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 Header-Child of the Sixties gives gun protesters food for thought

 

Dear young protester,

Watching your protests against gun violence helps me recall my own youth.

As a child of the Sixties, I was born of a generation that also had protests. I recall my desires to change the world and make it a better place by challenging everything. I remember my frustration in the face of a world in chaos.

Now I am of the older generation, and you are on the streets. However, matters are much worse. I hope these words might warn against the repetition of a tragic mistake.



A Well-Worn Path

It was my generation that helped unleash the violence that you find in your schools, culture and lives. My generation produced your generation. You are following in our footsteps. You are the later phase of a process my generation began. Don’t continue on this path.

It was my generation that redefined freedom as “doing your own thing.” We overturned society norms, morals and manners in an attempt to achieve this freedom. However, this quest only made us a self-centered “Me Generation,” demanding everything instantly regardless of the consequences. It filled us with resentments when the world failed to bend to our needs.

Today, many of the younger generations are taking our mistake to new extremes. Today, it is no longer “doing your own thing,” but “being your own thing” since you can identify as whatever you perceive yourself to be. Anything can be the cause of resentment, triggering instant snowflake meltdowns. Tragically “being your own thing” today can now include acting out fantasies…or killing others.

 

Smashing the Restraints of Violence

violent protestersIt was my generation that looked for a world of peace and “free” peace. To obtain this goal, we destroyed family structures, sexual morals and marriage. We tried to make love free, and it came at the high price of shattering families and destroying individual lives (including those not yet born).

Far from producing love and peace, this shattered world is engendering bitter fruits in a society that is coming apart with great violence. You can see this in the sexual harassment scandals. It is found in the political landscape that is polarized and fragmented. It finds tragic expression in the lives of lonely individuals who seek revenge upon society by killing other students.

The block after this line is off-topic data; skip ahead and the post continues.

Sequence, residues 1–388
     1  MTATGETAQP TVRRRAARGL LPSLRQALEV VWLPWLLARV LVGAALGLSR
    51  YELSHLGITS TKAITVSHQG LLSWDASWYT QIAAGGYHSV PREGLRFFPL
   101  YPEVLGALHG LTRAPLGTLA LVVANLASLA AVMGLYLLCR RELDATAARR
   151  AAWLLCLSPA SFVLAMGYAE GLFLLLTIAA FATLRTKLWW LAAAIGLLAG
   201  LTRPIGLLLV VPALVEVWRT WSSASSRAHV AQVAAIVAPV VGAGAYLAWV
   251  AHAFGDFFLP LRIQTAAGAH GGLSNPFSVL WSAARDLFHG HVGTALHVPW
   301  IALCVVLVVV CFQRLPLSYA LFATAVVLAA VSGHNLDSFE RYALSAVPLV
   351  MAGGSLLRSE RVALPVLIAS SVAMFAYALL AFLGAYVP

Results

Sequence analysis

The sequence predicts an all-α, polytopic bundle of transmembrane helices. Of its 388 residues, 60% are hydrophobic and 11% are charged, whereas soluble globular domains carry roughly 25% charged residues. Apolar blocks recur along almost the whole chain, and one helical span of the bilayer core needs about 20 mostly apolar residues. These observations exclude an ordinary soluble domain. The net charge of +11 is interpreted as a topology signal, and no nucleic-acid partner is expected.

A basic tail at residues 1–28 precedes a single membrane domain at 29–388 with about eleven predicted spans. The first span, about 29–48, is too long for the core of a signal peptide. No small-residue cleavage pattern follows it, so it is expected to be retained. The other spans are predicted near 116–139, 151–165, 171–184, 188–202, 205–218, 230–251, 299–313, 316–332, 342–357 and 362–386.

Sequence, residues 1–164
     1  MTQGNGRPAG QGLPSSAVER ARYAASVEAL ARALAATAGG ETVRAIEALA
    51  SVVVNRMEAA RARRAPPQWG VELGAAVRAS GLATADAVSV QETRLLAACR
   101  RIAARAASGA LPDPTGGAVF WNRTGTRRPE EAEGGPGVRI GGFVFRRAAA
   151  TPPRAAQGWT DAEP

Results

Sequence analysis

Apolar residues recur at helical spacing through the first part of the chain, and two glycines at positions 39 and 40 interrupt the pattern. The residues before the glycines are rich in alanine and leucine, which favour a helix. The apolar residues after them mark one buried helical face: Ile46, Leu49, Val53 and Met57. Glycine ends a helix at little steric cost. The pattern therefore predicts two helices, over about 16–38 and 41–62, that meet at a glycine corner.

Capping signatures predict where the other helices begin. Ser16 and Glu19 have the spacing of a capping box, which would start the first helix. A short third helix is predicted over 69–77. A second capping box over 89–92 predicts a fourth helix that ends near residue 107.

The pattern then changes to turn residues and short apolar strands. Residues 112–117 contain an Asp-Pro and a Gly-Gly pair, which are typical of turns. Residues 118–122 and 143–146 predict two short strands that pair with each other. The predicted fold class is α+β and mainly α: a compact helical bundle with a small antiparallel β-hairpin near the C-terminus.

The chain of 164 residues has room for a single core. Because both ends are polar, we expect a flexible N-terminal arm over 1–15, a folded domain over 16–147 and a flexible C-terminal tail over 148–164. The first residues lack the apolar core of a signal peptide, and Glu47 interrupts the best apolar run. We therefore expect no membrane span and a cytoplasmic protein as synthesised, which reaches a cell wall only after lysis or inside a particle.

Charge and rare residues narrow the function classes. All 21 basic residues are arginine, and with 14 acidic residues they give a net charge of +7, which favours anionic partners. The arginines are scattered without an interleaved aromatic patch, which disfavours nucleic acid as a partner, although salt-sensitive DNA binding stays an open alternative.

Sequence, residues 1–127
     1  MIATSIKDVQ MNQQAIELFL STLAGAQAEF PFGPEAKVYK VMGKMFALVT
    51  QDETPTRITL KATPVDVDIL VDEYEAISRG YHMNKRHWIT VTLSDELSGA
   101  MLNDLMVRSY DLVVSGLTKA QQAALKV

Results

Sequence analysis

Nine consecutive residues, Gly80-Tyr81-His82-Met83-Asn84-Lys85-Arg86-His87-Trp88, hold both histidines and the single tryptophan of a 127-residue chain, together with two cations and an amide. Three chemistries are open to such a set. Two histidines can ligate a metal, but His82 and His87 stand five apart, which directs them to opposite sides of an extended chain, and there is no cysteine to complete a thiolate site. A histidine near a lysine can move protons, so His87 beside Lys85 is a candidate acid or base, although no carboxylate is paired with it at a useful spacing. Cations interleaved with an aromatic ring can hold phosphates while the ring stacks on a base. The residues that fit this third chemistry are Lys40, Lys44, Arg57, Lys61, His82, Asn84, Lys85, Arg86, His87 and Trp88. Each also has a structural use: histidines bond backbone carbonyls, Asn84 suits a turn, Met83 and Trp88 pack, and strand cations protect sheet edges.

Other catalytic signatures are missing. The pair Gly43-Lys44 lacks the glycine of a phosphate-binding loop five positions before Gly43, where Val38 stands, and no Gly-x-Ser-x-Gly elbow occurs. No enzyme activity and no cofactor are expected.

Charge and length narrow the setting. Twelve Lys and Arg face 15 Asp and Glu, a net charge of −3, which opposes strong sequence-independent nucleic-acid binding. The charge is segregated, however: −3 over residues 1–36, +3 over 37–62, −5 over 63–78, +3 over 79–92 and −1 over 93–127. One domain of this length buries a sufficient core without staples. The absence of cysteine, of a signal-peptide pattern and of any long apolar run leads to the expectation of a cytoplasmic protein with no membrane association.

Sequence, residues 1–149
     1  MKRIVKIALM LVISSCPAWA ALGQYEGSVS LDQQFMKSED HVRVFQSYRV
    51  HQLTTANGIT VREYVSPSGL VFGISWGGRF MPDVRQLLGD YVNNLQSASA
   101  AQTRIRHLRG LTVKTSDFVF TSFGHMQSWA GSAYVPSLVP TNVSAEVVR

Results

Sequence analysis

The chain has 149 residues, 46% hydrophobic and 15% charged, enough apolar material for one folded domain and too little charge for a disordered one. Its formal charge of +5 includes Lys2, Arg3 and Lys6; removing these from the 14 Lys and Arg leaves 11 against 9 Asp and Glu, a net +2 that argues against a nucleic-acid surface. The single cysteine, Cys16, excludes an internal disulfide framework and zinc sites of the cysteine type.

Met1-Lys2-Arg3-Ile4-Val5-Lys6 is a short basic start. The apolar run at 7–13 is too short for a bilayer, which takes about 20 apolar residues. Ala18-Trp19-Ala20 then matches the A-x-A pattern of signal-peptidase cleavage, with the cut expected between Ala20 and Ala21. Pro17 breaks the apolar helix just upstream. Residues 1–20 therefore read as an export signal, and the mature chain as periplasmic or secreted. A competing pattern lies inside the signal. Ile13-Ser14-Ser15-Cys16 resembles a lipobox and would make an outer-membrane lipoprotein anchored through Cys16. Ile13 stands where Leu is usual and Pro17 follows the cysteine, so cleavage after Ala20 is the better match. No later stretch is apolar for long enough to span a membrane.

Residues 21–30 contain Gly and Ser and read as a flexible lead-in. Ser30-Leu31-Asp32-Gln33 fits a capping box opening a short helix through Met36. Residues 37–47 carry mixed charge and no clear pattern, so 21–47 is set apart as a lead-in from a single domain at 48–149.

We have violence in society because our culture is immersed in it. Once my generation adopted an anything-goes attitude toward culture, it unleashed the forces of violent films, pornography, frenetic substance abuse and video games that you now see and suffer. You are given false role models that glorify this violence and make it glamorous and popular.

Your generation feels threatened by violence because we have no defense against it. We have torn down the structures of family, community and faith that once protected us from it. We have smashed the rules that restrained violence and kept society safe. We have excluded God, the source of all good and order, from the popular culture.

 

Time for a Return to Order

No guns in our schoolsAnd so as youth nationwide gather to demand action against gun violence, I would ask you to consider the cause of this violence, not only its tragic consequences. Let’s both reject the premises that brought us here.

Now is not the time to repeat the Sixties, but to reject them. Let us join together to declare the Sixties over. They have brought us a catastrophe, full of violence and politically correct intolerance. People are tired of its old rhetoric and superficiality that has led us to our broken times. They yearn for order.

Now is the time for a return to order — but not the false materialistic order of the fifties.

It is time to find our roots and go back to what Russel Kirk called those “permanent things,” those calm norms of courage, duty, courtesy, justice, and charity that owe their existence and authority not to a self-centered “Me Generation,” but to a loving and transcendent God.

Just something to think about.

All the best,

A Baby Boomer Looking to the Future

P.S. Please excuse the long explanation. I had no time to reduce the above considerations into a single tweet.

 


 

John Horvat IIBy John Horvat II

As seen on The Stream

 

 

 

 

Quote of the day

DAILY QUOTE for January 27, 2020

Pray with great confidence, with confidence based upon the g...

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January 27

 

Pray with great confidence, with confidence
based upon the goodness and infinite generosity of God
and upon the promises of Jesus Christ.
God is a spring of living water